Saturday, March 22, 2014

Beer Bread

I'm a cook. I'm not a baker. Well, I need to amend that last statement. I was a baking virgin for my first 61 years of life. That all changed while preparing St. Patrick's Day dinner for my family last week. I have two, 30" ovens that, up until last weekend, had been used exclusively for roasting, broiling, convecting and all other forms of heating up meat.

My grandmother and kitchen hero, Goldie, was both a baker and a cook. But I never really had an interest in it. It seems to me to be some sort of high alchemy. I never wanted to learn the chemistry and truth be told, I just don't eat many carbohydrates.

Cody Matz is a fellow CrossFitter at our noon class at CrossFit Edina. He also happens to be a meteorologist at the Fox 9 TV station. So I've been watching Fox 9 news for my morning's nice to hear the forecast from someone you know. Last week they had a woman named Amy on the show going over some of her favorite St. Patrick's Day recipes. One of them was for beer bread....and I was stunned by how incredibly simple the recipe was.

I went to her food blog,, and got the recipe. Then I did a little more research out on the Interwebs and found that this recipe is ubiquitous. Probably because I have had no interest in baking that I have never heard of it. But, dang, it's so simple my dog could make it without screwing it up. No chemistry. No special kneading. No rising. Just slap four simple ingredients together and shove it in the oven. Self-rising flour. Sugar. Butter. Beer. Done.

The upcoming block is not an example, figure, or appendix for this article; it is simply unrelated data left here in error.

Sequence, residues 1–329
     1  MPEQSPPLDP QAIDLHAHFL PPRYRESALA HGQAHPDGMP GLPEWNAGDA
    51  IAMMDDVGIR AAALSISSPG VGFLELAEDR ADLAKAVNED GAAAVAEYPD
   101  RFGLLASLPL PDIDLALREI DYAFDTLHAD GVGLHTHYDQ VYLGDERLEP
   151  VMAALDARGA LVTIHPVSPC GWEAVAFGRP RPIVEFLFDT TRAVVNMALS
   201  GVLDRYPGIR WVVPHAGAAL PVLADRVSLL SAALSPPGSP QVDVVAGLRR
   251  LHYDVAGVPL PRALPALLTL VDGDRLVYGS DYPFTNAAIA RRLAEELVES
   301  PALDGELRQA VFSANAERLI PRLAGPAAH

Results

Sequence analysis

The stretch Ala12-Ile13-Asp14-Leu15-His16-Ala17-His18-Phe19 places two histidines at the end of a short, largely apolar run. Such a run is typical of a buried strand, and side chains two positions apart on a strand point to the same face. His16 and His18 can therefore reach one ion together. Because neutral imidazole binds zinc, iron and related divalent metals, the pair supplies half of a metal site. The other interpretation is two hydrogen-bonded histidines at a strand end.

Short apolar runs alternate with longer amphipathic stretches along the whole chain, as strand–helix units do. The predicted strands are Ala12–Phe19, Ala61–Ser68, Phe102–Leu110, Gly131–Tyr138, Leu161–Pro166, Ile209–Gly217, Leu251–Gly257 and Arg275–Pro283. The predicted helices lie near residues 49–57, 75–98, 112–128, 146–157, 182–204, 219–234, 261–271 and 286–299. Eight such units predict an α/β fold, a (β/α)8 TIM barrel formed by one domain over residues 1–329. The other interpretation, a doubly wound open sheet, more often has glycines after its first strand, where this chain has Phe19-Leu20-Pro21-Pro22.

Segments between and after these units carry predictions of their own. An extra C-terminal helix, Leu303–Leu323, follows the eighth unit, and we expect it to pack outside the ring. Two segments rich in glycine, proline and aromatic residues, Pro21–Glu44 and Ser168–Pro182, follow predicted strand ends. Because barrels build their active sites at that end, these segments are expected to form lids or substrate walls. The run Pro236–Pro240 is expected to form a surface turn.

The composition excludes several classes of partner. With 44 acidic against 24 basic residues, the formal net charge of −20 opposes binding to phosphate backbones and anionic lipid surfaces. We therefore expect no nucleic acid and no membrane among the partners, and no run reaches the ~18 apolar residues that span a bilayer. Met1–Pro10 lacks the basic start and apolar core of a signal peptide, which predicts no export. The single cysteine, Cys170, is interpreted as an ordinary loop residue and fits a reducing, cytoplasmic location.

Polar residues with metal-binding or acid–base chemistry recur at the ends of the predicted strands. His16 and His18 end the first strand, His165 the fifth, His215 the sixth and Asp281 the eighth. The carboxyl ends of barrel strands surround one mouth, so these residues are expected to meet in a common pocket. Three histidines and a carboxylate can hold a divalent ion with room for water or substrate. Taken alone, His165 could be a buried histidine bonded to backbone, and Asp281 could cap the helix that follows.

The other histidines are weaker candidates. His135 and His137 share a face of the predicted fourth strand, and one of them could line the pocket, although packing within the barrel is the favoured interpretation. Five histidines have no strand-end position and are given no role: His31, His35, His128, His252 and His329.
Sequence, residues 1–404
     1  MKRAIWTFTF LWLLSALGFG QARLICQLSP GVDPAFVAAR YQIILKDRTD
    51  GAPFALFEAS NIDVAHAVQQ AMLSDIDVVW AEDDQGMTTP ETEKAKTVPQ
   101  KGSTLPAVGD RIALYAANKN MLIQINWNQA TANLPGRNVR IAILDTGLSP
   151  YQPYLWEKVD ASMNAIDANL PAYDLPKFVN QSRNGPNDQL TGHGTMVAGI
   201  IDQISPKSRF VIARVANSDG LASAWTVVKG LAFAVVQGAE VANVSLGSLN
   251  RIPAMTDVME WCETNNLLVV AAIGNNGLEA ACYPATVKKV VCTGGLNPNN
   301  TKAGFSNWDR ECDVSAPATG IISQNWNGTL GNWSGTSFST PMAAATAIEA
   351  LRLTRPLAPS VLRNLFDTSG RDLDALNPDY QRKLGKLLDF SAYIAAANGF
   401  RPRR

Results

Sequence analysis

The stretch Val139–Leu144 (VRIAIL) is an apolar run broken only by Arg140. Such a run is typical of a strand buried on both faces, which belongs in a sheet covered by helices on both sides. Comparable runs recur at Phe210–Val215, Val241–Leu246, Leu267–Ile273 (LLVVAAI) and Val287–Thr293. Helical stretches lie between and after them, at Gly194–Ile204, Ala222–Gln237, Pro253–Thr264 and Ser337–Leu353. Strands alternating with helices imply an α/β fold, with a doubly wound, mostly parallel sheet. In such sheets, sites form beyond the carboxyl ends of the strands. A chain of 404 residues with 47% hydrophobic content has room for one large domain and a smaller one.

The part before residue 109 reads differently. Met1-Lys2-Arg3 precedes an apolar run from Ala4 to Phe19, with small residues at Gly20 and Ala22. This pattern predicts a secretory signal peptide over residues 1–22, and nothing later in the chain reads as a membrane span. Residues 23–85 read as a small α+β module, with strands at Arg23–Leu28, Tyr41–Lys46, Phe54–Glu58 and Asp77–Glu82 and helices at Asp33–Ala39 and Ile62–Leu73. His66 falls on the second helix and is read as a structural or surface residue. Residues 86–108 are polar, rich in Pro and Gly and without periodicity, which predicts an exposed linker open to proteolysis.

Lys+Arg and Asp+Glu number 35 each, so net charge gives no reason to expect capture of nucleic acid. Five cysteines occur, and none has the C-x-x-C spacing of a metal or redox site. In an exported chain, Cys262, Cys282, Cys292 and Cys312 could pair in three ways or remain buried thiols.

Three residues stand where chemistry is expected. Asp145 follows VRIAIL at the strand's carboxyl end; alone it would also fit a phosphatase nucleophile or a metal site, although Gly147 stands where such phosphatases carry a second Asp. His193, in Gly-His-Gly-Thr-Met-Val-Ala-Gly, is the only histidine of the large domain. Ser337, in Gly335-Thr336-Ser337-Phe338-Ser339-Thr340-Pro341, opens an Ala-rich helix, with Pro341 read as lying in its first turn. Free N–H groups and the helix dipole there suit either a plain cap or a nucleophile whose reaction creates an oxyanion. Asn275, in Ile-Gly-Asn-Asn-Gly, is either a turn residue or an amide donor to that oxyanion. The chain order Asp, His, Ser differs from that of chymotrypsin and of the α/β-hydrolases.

This is a rustic, hearty bread. When you combine these four ingredients, do not over-mix. You want the batter to be lumpy. Give the mixture a couple of good swirls and then slap it into a loaf pan. That's it. You are now a baker, just like me!

3 cups self-rising flour
1/4 cup sugar
1 bottle beer (12 oz)
1/2 cup melted butter


  1. Preheat oven to 375º.
  2. In a large bowl, combine flour, sugar and beer. Stir until lumpy.
  3. Spoon mixture into a loaf pan. Pour butter on top.
  4. Bake for 45 minutes. Remove and let bread cool for 15 minutes.
  5. Slice and serve.

Pairing: More beer!

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